In recent years, average temperatures in South Bend have ranged from a low of 16 °F (−9 °C) in January to a high of 83 °F (28 °C) in July, although a record low of −22 °F (−30 °C) was recorded in January 1943 and a record high of 109 °F (43 °C) was recorded in July 1934. Average monthly precipitation ranged from 1.98 inches (50 mm) in February to 4.19 inches (106 mm) in June.
County Council: The county council is the legislative branch of the county government and controls all the spending and revenue collection in the county. Representatives are elected from county districts. The council members serve four-year terms. They are responsible for setting salaries, the annual budget, and special spending. The council also has limited authority to impose local taxes, in the form of an income and property tax that is subject to state level approval, excise taxes, and service taxes.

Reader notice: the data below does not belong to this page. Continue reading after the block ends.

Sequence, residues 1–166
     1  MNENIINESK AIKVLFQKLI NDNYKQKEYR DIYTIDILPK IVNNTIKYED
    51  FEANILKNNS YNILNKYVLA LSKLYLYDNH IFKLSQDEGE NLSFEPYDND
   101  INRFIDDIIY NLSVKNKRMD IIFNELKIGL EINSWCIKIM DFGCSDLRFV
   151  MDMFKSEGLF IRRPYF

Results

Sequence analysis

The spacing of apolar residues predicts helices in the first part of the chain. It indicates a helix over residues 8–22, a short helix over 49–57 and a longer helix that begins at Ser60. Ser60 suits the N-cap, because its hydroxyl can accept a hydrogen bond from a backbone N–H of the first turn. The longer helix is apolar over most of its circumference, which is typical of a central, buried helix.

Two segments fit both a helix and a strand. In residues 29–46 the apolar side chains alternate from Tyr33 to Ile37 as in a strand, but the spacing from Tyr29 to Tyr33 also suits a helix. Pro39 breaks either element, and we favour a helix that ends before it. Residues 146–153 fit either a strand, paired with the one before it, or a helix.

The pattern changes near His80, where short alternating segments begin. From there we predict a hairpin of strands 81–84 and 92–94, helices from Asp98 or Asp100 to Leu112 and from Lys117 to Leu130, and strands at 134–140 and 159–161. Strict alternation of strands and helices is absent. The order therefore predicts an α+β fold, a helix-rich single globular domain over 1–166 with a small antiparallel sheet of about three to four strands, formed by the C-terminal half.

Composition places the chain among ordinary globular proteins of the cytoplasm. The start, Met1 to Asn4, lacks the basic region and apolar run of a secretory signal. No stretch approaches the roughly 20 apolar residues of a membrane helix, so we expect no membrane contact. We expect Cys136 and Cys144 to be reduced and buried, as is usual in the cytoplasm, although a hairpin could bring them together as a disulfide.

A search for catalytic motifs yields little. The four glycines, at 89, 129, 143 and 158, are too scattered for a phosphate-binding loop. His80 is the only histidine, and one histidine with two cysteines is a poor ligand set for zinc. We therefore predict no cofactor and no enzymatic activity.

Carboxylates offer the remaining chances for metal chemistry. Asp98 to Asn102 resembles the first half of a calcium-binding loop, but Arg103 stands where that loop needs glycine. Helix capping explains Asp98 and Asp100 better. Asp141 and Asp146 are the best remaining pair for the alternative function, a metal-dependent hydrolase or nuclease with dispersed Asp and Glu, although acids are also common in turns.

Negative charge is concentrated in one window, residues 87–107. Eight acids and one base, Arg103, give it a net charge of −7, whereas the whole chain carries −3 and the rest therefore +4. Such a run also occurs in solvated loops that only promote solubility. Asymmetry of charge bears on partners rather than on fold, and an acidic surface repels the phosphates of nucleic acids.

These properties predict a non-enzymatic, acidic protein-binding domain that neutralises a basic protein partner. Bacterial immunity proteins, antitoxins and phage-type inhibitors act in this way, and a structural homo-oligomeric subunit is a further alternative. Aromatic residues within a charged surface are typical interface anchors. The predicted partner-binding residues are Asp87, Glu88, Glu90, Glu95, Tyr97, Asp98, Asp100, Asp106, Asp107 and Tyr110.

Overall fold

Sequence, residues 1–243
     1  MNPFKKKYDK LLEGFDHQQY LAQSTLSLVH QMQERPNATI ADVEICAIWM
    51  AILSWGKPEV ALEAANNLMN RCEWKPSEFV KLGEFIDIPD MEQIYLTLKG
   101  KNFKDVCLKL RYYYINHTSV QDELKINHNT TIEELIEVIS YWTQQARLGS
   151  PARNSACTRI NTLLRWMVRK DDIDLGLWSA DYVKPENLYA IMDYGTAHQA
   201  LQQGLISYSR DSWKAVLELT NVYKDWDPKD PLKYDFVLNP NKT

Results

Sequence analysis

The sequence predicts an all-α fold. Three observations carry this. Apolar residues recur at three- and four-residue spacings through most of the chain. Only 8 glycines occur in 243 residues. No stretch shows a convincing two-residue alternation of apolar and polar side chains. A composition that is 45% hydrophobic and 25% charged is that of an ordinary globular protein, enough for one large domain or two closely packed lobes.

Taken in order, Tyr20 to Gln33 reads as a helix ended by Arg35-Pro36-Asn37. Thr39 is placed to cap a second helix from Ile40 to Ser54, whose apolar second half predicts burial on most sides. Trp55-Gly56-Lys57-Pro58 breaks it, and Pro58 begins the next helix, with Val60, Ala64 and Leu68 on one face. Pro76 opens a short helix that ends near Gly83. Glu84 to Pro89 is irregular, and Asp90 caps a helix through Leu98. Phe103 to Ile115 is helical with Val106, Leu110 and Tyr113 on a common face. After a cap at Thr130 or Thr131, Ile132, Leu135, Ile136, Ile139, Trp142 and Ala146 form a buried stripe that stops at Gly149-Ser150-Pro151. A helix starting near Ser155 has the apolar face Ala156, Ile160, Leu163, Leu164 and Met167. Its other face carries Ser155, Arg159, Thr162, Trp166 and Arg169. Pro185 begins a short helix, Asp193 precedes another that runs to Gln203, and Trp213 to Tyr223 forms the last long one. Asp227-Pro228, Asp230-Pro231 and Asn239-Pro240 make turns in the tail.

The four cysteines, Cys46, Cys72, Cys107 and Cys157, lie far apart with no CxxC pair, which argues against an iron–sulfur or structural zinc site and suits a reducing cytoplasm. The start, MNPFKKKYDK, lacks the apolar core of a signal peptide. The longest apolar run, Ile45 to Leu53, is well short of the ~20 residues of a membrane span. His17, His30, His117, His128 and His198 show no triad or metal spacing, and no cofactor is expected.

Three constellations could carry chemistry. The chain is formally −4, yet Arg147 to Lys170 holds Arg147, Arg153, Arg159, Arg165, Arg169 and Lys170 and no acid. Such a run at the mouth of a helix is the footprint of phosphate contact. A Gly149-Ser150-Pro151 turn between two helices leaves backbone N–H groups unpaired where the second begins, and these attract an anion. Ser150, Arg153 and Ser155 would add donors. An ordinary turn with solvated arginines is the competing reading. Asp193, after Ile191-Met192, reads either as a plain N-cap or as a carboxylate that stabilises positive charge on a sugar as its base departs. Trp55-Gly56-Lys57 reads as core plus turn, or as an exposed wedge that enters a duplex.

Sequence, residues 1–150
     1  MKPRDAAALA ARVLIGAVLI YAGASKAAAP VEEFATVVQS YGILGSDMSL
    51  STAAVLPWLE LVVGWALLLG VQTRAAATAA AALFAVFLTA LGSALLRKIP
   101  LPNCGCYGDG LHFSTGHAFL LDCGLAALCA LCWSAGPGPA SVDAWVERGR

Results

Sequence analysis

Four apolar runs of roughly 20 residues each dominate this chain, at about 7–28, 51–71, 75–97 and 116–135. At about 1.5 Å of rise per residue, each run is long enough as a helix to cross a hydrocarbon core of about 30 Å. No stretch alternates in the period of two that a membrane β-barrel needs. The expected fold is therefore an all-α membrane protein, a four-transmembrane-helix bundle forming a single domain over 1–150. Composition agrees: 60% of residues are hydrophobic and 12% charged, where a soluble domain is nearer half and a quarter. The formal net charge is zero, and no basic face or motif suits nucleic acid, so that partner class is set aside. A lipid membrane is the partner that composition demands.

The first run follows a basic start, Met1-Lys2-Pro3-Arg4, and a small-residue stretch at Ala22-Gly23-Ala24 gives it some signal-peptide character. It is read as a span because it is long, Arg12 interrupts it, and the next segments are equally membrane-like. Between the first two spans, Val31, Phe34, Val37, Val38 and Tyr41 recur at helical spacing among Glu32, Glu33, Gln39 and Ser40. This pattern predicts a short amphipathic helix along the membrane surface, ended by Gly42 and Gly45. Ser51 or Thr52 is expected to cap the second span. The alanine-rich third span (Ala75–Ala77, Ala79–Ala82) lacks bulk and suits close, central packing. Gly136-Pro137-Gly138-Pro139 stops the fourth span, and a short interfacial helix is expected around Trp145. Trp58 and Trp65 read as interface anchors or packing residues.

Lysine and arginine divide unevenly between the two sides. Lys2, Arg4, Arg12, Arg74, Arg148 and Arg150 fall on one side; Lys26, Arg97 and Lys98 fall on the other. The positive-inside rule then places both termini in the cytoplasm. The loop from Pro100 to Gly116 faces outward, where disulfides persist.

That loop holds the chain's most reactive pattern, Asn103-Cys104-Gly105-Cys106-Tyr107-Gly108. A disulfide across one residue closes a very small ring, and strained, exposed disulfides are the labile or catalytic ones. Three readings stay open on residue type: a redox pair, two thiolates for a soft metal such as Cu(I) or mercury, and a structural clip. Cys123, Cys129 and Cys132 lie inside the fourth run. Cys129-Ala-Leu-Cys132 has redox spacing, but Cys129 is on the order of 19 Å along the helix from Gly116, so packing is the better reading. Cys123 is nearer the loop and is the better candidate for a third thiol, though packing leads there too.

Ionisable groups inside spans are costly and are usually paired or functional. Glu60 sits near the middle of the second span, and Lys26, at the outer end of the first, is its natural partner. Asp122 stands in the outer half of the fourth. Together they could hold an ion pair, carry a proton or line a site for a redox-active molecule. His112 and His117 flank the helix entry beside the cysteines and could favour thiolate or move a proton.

|A||Bobby Kruszynski, Jr.||Democratic|
|D||Rafael Morton, President||Democratic|
|G||Mark Catanzarite, Vice President pro tem||Democratic|
|I||Mark Root, President pro tem||Republican|
Board of Commissioners: The executive body of the county is made of a board of commissioners. The commissioners are elected county-wide, in staggered terms, and each serves a four-year term. One of the commissioners, typically the most senior, serves as president. The commissioners are charged with executing the acts legislated by the council, collecting revenue, and managing the day-to-day functions of the county government.
|1||Andrew Kostielney, President||Republican|
|2||Dave Thomas, Vice President||Democratic|
Court: The county maintains a small claims court that can handle some civil cases. The judge on the court is elected to a term of four years and must be a member of the Indiana Bar Association. The judge is assisted by a constable who is also elected to a four-year term. In some cases, court decisions can be appealed to the state level circuit court.
|Circuit Court||Michael Gotsch||Democratic|